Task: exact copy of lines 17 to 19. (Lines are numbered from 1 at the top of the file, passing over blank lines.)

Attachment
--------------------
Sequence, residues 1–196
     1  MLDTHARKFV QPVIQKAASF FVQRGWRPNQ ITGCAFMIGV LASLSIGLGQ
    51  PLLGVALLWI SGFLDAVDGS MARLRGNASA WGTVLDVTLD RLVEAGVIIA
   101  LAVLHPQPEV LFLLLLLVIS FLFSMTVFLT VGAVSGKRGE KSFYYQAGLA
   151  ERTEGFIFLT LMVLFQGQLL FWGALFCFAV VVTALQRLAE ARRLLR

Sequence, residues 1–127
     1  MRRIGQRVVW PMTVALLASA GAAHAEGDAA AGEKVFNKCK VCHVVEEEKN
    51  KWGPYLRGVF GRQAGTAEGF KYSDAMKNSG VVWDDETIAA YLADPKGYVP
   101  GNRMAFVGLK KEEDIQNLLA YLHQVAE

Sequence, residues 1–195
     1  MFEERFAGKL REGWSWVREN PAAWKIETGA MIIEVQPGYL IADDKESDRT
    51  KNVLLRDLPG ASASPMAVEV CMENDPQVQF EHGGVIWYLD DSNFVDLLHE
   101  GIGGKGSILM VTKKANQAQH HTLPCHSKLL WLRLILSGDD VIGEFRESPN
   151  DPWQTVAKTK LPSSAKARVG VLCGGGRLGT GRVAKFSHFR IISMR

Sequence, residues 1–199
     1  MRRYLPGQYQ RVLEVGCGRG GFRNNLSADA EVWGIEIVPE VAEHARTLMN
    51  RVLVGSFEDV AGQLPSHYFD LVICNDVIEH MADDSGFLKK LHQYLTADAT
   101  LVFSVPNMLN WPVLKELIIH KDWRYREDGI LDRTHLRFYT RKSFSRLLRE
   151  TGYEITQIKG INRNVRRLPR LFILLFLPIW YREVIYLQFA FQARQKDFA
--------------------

    51  RVLVGSFEDV AGQLPSHYFD LVICNDVIEH MADDSGFLKK LHQYLTADAT
   101  LVFSVPNMLN WPVLKELIIH KDWRYREDGI LDRTHLRFYT RKSFSRLLRE
   151  TGYEITQIKG INRNVRRLPR LFILLFLPIW YREVIYLQFA FQARQKDFA